Two blockbuster trades were made in the course of one week.
The Los Angeles Rams and Philadelphia Eagles both gave away their life savings to move up to the first and the second spots in the
The San Diego Chargers, who hold the No. 3 overall pick in the draft, will likely have the chance to select the top player on their board if two quarterbacks are taken back-to-back.
Before these trades, many analysts mocked Ole Miss offensive tackle Laremy Tunsil to the Tennessee Titans. He’s arguably the best tackle in the draft with all the tools to become a cornerstone at left tackle.
But it’s not always a safe pick, especially in recent years. We’ve seen Eric Fisher, Luke Joeckel and Matt Kalil fail to live up to expectations.
Fisher was the No. 1 overall pick in the 2013 draft. He was compared to Joe Staley and was NFL draft analyst Mike Mayock’s favorite player.
“When I put my Top 100 out there, he (Fisher) was the first name on the list, which tells you how strongly I feel about him,” Mayock said in his draft analysis. “He’s a Pro Bowl left tackle.”
Well, Mayock, Fisher has yet to make the Pro Bowl or grade positively in any of his three seasons in Kansas City, according to Pro Football Focus.
The No. 2 overall pick in the 2013 draft, Joeckel’s career got off to a rough start after missing majority of the 2013 season with a high-ankle fracture. He’s played in all but two games since his rookie year, but he has been inconsistent to say the least. The Jaguars will likely decline his fifth-year option.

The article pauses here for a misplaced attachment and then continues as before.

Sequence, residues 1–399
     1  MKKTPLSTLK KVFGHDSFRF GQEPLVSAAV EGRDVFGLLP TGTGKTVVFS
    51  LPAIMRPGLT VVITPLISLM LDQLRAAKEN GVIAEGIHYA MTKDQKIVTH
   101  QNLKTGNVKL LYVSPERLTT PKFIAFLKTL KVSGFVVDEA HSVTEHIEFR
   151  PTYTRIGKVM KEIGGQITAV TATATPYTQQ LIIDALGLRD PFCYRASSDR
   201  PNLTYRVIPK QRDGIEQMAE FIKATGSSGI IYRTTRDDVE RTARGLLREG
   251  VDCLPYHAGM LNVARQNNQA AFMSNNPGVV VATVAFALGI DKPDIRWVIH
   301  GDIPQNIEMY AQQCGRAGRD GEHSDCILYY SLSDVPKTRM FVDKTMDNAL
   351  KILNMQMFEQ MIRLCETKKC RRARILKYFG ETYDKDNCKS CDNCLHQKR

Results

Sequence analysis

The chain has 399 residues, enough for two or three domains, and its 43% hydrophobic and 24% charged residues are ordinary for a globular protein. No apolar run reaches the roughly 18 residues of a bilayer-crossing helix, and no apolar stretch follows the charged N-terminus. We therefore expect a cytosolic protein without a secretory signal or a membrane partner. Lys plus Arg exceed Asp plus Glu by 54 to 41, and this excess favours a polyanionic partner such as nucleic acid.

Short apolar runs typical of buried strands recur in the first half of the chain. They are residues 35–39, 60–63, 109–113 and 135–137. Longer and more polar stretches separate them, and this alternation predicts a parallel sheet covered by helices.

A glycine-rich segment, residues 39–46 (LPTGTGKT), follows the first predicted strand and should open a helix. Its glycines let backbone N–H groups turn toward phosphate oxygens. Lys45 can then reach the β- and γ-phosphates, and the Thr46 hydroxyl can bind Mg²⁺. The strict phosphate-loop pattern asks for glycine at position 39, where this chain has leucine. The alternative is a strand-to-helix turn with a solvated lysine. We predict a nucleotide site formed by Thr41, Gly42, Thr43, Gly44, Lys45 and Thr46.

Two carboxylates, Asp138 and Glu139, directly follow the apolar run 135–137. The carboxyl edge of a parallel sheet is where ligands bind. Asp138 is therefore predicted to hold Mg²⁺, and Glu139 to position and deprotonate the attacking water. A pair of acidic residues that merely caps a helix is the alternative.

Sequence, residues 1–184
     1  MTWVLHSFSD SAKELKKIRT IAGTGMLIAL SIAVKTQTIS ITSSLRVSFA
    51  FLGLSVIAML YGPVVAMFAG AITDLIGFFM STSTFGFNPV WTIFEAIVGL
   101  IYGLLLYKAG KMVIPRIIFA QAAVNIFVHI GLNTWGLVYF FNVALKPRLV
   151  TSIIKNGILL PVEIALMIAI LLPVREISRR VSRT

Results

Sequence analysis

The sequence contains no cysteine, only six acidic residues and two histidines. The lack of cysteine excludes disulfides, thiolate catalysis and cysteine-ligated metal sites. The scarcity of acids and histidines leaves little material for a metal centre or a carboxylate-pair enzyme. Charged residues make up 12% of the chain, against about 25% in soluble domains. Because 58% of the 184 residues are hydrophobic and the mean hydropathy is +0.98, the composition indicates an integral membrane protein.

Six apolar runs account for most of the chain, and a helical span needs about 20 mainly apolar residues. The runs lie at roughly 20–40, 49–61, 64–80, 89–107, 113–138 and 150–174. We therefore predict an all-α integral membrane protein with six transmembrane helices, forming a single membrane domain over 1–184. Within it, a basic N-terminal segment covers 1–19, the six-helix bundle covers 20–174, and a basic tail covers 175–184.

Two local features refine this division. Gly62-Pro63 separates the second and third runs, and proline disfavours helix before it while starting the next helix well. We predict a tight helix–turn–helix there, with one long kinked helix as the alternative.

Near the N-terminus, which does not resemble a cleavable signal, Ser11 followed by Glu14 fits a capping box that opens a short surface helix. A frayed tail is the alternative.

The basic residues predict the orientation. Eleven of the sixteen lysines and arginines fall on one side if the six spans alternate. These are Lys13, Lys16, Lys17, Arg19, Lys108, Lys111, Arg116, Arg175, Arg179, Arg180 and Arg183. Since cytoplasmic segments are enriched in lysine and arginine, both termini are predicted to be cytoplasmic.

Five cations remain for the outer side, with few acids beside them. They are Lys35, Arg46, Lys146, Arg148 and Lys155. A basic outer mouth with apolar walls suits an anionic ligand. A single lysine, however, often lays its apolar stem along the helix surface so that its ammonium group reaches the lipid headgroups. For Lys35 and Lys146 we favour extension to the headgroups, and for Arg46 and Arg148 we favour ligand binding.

Kalil might be the biggest disappointment of them all. In NFL.com’s draft overview of Kalil, it was stated that he was the “undisputed top tackle prospect in this year’s (2012) draft after two successful years starting on the left side for USC.” The No. 4 overall pick that year, Kalil was considered great value for the Vikings. He proved he was one of the best left tackles by making the Pro Bowl his rookie year. But since then, Kalil has become one of the worst tackles in the game.
According to PFF, Kalil allowed a season-worst 55 pressures in 2014 and gave up the most sacks (12) among tackles that year, too. In 2015, he finished as the Vikings’ second-worst starting offensive lineman with a 47.1 overall grade (the line finished 31st in the league in pass-blocking efficiency), per PFF. And while he’s started and played every game over his four-year career, he’s been pretty banged up.
On the other hand, you could make the argument for the players who have succeeded thus far, like Washington Redskins’ Trent Williams and Dallas Cowboys’ Tyron Smith, both of whom were selected in the top 10 in 2010 and 2011, respectively.
Whether or not Tunsil is a safe pick, he’s not the right pick for the Chargers. He could be a future All-Pro, but the Chargers need to fix the center position more than anything. Going in another direction with their first pick would be wise.
With that said, here is my seven-round mock draft (no trades) for the Chargers.
Round 1: No. 3 overall –